As part of being a volunteer with the Peace Corps, we had to go back to our pre-service training sites for two weeks to complete our 8 weeks of training. And so I packed and re-packed what I could carry to the autogara to stay with my first host family in Magdacesti during the last phase of pre-service training.
I was so grateful to head back to visit them again as I feel very much at home when I am there and enjoy spending time with them. The day I arrived I had the opportunity to go with my host family to a Nunta, which is wedding ceremony. Their cousin was getting married and my host sisters were part of the festivities for the Nunta at the village Orthodox Church.
Once I arrived to their home that morning, the house was a flurry of activity between getting ready for the wedding ceremony and preparing a huge masa (party) to celebrate hram in the village. Hram is a big celebration in each village and city in Moldova as they celebrate when that particular village or city was established. Usually there is a festival in the center of town along with performances of singing and dancing and people invite their friends from other villages and cities to come and visit and eat together in their homes.
About mid-morning we made our way to the local Orthodox Church while the church service was finishing. I got to experience a little bit of what a service is like in an Orthodox Church – more on that another time. Once the church service was over, the wedding ceremony started soon after.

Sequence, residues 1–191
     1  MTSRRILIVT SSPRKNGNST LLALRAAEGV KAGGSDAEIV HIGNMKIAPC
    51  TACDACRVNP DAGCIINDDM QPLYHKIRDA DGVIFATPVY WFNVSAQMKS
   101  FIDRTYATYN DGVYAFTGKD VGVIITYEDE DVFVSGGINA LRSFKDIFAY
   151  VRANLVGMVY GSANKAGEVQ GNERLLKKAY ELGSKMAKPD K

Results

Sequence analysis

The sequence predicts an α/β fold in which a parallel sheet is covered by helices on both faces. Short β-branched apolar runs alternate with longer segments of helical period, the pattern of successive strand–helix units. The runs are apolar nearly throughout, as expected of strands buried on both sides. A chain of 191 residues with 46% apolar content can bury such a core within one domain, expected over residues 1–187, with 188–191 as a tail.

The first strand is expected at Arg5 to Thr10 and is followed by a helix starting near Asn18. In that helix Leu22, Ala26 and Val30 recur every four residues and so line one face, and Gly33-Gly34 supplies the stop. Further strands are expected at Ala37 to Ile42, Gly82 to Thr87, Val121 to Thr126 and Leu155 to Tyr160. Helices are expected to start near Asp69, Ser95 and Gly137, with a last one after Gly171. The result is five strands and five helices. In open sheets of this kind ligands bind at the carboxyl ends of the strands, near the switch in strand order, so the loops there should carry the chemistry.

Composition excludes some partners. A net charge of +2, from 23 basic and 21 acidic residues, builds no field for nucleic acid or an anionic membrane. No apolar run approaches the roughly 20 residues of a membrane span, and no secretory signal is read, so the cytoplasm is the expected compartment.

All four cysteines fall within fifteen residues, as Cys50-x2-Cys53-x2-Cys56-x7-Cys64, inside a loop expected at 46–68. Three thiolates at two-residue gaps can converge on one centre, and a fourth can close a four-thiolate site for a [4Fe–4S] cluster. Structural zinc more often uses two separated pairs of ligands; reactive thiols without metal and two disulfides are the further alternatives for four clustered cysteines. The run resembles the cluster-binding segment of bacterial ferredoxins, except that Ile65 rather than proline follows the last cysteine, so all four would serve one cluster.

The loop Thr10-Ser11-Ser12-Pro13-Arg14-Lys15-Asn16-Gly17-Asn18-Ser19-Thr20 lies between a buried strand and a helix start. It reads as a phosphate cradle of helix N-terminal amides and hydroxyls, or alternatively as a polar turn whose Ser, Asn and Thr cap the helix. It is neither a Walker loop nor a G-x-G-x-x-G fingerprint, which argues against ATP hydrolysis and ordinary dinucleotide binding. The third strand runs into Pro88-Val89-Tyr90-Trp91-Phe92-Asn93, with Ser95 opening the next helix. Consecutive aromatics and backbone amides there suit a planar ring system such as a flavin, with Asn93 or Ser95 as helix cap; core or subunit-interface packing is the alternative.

When the wedding party entered the best man came in carrying a large rug along with others carrying in other aspects of the ceremony — baskets of candy, food, wine, and flowers. In the Orthodox Church women must cover their heads, hence the reason you see women with head coverings in some of these photos.
I was fascinated and intrigued by so many aspects of the ceremony that are part of the traditions of the Orthodox church and witnessed many of them that day. I wish I could tell you what is really going on in each picture, but I am limited with my language and the amount of new information and experiences that I have taken in recently. So, this experience will be from my perspective as seeing it through my eyes and maybe sometime later during my service I will be able to share more as I understand better.
The next 2 photos is something that I had heard about upon arriving in Moldova, but I hadn’t seen it happen until now – and I was even able to document it that day. What happens when someone throws water in front of a newlywed couple in Moldova?
After photos at the park we then made our way back to the village where they were having a big masa (dinner/party) at the groom’s house. I ended up not making it to that and instead went home with my youngest host sister where my host parents had some friends over for hram (day of celebration for the village) and sat with them and their many friends for hours as we ate lots of delicious food and toasted many times to good health.
It was a long and full day of celebrations – I was exhausted by evening and was excused to my room after I unintentionally started falling asleep at the table. Oops! It was a great way to learn more about Moldova’s culture and my host family – and it was a perfect way to start off my next phase of Peace Corps phase of training for the next 2 weeks.